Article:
of Sequential Therapy (Step-Down from Intravenous to Oral) with Levofloxacin for
Hospitalized Patients with Lower Respiratory Tract Infections
S. Ragnar Norrby, MD, PhD, FRCP (Edin)
Department of Infectious Diseases and Medical Microbiology, University of Lund,
Lund University Hospital, Lund, Sweden
Levofloxacin was developed from ofloxacin and has markedly improved
activity against Gram-positive bacteria, including penicillin-resistant
pneumococci. It is available for both oral (PO) and intravenous
(IV) administration, and after oral intake the bioavailability is
close to 100%. This makes levofloxacin particularly suitable for
step-down therapy where the patient is started on an IV regimen
and when there is an improvement, therapy is subsequently switched
to the PO route. In turn, this enables earlier discharge from hospital
and less need for costly intensive home care as with ceftriaxone.
Levofloxacin has a very well documented safety profile which, compared
to other new fluoroquinolones, is very favorable. Thus, levofloxacin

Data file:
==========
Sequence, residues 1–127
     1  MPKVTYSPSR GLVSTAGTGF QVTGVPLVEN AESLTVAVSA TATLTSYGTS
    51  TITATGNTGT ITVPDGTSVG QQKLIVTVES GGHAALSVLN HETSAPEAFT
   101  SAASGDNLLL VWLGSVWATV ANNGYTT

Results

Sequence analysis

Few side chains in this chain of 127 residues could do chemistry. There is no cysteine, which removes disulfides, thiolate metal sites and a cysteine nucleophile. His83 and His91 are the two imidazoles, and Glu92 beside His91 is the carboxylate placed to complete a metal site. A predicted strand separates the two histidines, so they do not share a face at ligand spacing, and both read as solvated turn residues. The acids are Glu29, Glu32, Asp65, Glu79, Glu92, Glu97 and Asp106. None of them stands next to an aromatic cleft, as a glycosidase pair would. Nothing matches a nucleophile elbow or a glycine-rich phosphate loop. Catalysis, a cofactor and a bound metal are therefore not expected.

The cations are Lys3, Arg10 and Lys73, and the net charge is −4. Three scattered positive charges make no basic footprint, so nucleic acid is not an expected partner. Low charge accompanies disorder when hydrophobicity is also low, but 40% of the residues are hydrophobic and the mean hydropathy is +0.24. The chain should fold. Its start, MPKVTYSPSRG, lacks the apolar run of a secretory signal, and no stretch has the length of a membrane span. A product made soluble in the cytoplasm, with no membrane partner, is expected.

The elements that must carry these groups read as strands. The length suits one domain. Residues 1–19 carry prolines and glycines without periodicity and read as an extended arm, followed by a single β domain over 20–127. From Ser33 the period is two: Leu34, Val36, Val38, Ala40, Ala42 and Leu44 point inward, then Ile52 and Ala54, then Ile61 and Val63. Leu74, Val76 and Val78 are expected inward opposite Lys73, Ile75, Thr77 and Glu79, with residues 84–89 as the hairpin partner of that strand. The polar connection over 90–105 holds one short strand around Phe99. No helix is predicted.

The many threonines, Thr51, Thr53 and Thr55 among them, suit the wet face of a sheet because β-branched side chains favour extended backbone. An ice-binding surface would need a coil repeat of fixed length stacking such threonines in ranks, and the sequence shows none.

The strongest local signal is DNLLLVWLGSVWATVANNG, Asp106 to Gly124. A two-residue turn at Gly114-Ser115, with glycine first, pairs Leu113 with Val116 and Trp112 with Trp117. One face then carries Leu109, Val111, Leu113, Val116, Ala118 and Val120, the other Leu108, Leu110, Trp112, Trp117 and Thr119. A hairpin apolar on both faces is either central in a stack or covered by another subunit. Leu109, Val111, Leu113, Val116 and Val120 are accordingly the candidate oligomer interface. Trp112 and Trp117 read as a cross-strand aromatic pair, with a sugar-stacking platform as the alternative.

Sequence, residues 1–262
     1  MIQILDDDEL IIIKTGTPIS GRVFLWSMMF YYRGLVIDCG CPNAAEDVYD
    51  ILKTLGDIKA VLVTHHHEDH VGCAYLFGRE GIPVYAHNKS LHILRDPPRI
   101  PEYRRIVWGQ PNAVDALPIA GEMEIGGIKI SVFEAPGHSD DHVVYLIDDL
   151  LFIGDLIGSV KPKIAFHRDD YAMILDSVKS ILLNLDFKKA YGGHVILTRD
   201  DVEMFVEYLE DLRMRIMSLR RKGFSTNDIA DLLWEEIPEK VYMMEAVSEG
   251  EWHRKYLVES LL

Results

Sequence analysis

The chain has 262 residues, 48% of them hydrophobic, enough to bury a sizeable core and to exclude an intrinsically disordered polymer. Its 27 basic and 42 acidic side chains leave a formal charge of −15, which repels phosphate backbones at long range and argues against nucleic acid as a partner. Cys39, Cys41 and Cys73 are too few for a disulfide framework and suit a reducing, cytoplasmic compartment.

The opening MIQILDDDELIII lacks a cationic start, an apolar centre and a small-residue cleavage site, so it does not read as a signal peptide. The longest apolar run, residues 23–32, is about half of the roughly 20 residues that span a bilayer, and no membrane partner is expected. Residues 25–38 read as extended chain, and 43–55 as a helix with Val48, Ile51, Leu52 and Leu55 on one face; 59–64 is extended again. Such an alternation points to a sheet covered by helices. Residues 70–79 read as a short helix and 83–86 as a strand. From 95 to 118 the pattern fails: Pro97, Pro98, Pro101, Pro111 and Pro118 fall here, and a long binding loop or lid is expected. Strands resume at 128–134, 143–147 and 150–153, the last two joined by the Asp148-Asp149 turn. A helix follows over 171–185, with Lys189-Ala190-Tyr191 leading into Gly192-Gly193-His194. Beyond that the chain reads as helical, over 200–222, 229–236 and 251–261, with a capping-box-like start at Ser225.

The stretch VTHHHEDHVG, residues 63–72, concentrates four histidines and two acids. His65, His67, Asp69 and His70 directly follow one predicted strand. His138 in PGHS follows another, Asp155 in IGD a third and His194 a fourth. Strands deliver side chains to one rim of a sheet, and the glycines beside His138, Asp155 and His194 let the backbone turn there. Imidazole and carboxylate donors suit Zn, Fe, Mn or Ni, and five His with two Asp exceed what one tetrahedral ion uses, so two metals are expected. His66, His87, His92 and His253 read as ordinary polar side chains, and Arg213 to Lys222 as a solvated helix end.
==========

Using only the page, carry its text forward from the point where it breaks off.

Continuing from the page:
causes few, if any, phototoxic reactions, the potential for central
nervous system (CNS) side effects is low and it does not interact
with warfarin or theophylline.
Levofloxacin has been demonstrated to be significantly more effective
than PO cephalosporins for the treatment of acute exacerbations
of chronic bronchitis (AECB). In community-acquired pneumonia (CAP),
levofloxacin has been shown to be as effective as ceftriaxone, or
ceftriaxone followed by cefuroxime axetil. In one prospective randomized
study using a critical pathway approach, levofloxacin monotherapy
was found to be as effective and more economical than standard therapy.
There is still a need for more prospective studies on the pharmacoeconomic
consequences and possible benefits of the use of levofloxacin.
In conclusion, levofloxacin offers a safe, effective and very well
documented alternative to other antibiotics for the treatment of
lower respiratory tract infections (LRTIs).